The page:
SAVANNAH BROWN EXCLUSIVE: "People Listen To YouTubers More Than Traditional Celebrities"
16 March 2016, 12:23 | Updated: 17 July 2017, 12:14
Read our EXCLUSIVE interview with one of YouTube's brightest stars.
"I'm a poet" Savannah Brown confidently declares on our filming set. But she's so much more than that. Savannah Brown is a feminist. A filmmaker. A publisher. A YouTuber. A model. A student. And one of the most intelligent people we've ever met.
Here, Savannah chats to us about feminism, going viral and her self published poetry book Graffiti And Other Poems. Interspaced with a series of exclusive shots from a photoshoot we did with Savannah, the pioneering creator tells us where she believes the future of YouTube is going and how to deal with the concept of being a role model.
On The Stimga Of The YouTuber Book
"I was always a writer a long time before I was a YouTuber. But writing was always the thing I was doing; YouTube has become an extension of my writing in a way. As you may know, I do a lot of poetry on my YouTube channel. [My book is] a bit different [to a] a memoir that I’ve written about my life, it’s a poetry book exclusively."
On Going Viral
"YouTube has helped me loads, the reason I got recognised in the first place was because I wrote and performed a slam poem called “What Guys Look For In Girls” and it was a response video to an infamous video by a silly boy. The video went viral, like, instantly, it has something like 4.5 million views now…
(Click play to see Savannah's aforementioned video)
I was still in High School at the time, it was absolutely insane! But that was kind of cool because a lot of my original audience came from that video. Before I put it up I had around 15,000 subscribers and by the end of the whole ordeal, I had over 100,000 which was really nice because it meant that a lot of my audience were more willing to watch something that was a bit more creative and not your standard YouTube video. That was what allowed me to start posting poetry on my channel and from there it just kind of made sense that I would put everything into physical content like a book. It all kind of flowed naturally."
On Being Recognised
"I don’t think anyone who would be considered a YouTube celebrity wants to say they're a YouTube celebrity. People who are popular on YouTube function on the idea of relatability- "We're not celebrities, we're just like you."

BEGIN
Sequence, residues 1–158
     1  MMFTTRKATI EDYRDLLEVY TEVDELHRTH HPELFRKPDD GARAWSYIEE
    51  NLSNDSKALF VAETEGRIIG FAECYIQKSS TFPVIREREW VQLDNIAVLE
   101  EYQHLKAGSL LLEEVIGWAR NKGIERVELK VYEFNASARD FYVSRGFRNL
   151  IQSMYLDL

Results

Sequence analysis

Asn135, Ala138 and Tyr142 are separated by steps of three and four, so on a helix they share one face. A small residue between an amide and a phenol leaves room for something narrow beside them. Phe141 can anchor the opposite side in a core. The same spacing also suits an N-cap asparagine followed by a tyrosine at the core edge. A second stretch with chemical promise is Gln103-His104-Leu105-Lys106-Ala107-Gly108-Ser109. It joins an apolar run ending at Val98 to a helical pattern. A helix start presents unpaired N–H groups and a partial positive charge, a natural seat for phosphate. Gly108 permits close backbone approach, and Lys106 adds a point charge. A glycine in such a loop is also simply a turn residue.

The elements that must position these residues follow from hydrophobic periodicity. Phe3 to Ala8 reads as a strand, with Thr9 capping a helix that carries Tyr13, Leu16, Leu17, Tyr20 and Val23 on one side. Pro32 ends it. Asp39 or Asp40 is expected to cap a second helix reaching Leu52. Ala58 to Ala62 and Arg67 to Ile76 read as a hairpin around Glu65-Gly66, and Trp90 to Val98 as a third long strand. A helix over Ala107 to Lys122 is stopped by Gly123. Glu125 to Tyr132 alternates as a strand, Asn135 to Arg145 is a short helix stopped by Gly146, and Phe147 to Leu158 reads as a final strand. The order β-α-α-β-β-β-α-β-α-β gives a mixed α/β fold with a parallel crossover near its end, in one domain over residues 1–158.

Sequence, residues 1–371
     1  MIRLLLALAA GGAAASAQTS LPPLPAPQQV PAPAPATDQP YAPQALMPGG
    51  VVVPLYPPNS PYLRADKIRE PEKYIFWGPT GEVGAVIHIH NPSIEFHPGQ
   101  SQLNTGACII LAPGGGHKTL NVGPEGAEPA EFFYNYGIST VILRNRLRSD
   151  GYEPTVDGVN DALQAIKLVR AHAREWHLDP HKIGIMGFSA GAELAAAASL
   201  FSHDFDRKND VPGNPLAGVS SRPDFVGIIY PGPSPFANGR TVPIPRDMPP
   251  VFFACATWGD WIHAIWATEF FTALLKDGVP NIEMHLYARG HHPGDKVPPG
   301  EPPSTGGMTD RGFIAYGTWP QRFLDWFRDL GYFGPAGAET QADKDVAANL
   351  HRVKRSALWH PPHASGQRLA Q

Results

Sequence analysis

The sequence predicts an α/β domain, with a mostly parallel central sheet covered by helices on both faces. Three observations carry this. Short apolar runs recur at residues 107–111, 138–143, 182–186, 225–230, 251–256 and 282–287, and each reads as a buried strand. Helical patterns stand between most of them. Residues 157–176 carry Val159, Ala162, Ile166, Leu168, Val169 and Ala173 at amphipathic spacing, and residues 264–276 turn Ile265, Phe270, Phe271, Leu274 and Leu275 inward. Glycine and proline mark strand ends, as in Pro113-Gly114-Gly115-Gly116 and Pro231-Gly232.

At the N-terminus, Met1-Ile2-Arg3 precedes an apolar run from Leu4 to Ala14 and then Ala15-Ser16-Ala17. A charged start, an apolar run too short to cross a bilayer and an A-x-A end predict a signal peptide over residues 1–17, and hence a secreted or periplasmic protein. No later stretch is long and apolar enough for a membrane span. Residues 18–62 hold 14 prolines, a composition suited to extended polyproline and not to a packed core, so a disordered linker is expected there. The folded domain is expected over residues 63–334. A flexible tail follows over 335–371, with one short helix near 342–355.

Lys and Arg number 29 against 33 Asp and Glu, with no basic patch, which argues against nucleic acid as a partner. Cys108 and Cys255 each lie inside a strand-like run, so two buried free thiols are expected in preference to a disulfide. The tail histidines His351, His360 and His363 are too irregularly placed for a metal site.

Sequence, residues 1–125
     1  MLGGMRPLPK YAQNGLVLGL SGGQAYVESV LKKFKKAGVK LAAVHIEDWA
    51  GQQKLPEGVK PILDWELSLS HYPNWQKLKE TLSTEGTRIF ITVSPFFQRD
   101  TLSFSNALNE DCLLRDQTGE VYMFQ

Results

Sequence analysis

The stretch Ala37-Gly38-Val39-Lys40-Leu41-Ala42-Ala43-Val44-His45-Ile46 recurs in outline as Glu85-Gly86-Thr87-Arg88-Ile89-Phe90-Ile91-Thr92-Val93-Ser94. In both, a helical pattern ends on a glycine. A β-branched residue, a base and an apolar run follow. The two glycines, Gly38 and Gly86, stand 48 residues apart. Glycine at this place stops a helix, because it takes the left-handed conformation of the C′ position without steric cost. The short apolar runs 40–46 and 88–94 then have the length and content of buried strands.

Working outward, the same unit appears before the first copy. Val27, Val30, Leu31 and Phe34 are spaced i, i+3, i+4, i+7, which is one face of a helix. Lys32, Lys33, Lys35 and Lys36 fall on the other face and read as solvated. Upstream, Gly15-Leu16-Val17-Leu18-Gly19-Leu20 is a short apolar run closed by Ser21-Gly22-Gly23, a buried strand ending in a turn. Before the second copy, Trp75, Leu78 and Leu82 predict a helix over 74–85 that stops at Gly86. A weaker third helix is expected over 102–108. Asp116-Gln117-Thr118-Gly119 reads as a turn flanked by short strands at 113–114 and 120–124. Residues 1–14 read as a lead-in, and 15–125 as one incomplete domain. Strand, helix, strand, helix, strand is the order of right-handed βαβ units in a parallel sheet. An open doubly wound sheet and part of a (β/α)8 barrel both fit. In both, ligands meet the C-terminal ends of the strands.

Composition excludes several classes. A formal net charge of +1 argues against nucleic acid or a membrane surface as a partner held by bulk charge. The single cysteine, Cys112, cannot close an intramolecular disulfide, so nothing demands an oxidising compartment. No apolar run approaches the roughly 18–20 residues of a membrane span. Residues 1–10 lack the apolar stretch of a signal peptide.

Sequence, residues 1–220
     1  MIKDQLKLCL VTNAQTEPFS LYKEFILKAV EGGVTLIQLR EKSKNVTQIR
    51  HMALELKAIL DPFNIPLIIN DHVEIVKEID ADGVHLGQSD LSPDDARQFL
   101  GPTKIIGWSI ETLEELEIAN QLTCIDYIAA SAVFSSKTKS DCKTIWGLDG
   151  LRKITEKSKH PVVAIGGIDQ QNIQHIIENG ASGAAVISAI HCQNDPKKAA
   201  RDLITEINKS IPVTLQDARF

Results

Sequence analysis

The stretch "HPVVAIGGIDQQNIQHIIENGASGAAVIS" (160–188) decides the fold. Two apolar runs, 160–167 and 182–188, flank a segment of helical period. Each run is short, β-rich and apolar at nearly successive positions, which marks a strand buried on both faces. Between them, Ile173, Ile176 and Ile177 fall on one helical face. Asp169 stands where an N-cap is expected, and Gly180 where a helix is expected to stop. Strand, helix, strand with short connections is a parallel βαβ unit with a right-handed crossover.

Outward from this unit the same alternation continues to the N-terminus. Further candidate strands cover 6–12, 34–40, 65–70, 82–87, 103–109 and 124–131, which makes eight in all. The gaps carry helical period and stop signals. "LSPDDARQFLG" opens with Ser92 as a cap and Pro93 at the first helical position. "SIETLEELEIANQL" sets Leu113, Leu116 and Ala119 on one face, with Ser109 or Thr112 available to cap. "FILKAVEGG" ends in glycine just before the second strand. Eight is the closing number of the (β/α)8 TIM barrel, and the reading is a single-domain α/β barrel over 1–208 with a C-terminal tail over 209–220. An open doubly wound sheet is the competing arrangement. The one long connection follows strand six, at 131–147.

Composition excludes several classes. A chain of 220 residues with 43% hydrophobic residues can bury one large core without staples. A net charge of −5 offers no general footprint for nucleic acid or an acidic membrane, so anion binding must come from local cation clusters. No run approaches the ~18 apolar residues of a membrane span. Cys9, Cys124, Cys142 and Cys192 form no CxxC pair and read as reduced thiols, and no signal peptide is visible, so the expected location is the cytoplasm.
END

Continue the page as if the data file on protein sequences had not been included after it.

I don’t call myself a celebrity but I have been recognised doing silly mundane things like wearing sweatpants and being hungover. It’s very humbling and people have come up to me and told me that I’ve inspired them and then I think back to when I was younger and I would think about the people who really inspired me and I guess to be that for someone else is really cool."
On Being A Role Model
"I think all YouTubers with a following have a responsibility to realise the impact they have on young people. I recognise that I have this platform and I try to use this platform to raise issues that are important, things that I feel I have a responsibility to think about. When people are familiar with and they respect you like a friendly figure and they’ll listen to you.
People listen to YouTubers so much, more than they would with traditional celebrities.
I’m not going to name names but there are people who make videos and produce content that are just inherently bad! And there’s nothing good about it and they're just taking advantage of what they’ve been given. So I think the question of being a good role model can apply to a lot of things and not just YouTubers. I think it’s just the recognising of that responsibility which is important."
On Women On YouTube
There are so many prank channels which are mainly guys and it's sort of “boys will we boys” and they're up to nonsense…
Women comedians are so heavily criticised and it’s when female YouTubers are recognised by the mainstream that it gives us this flood of hate because they are a women. It’s ridiculous and vile, I definitely think that there is a difference there.
I would love for more female creatives to openly discuss feminism and to openly talk about the disparities that do exist. That’s the thing though, it’s hard because as soon as someone says anything about feminism it opens this wave of absolute hatred. The “International Women’s Day” video on the YouTube Spotlight channel was insane- the dislike ratio is obscene and this is literally just because it features women! It makes no sense and it’s horrible.
Feminisms is ultimately inoffensive so I just think more people should talk about it."
On The Future Of YouTube And The Current Content Trends
"I think it is this cycle that’s really common, not only in YouTube but in the traditional media as well. People will watch films that have been funded and they’ll be the typical Hollywood funded picture that isn’t super original but lots of people will go and watch it. So they put all their money into this, because all these people go and watch that and then they think, “let’s do that again”. The same stuff is being made and watched again and again because they know it will do well. I think it’s a similar thing in YouTube.
I think that [innovative content] definitely exists. I think this is something that ultimately a lot of the smaller YouTubers need to be recognised for because you can say that there’s nothing original being created but actually there are lots of original things being created. It’s just a matter of what gets the recognition."
Savannah's book, Graffiti And Other Poems, can be purchased from SavBrown.com
All images by Elisa Spigariol- we highly recommend you check out her amazing work.
For an exclusive reading from Savannah's book, click play on the video below.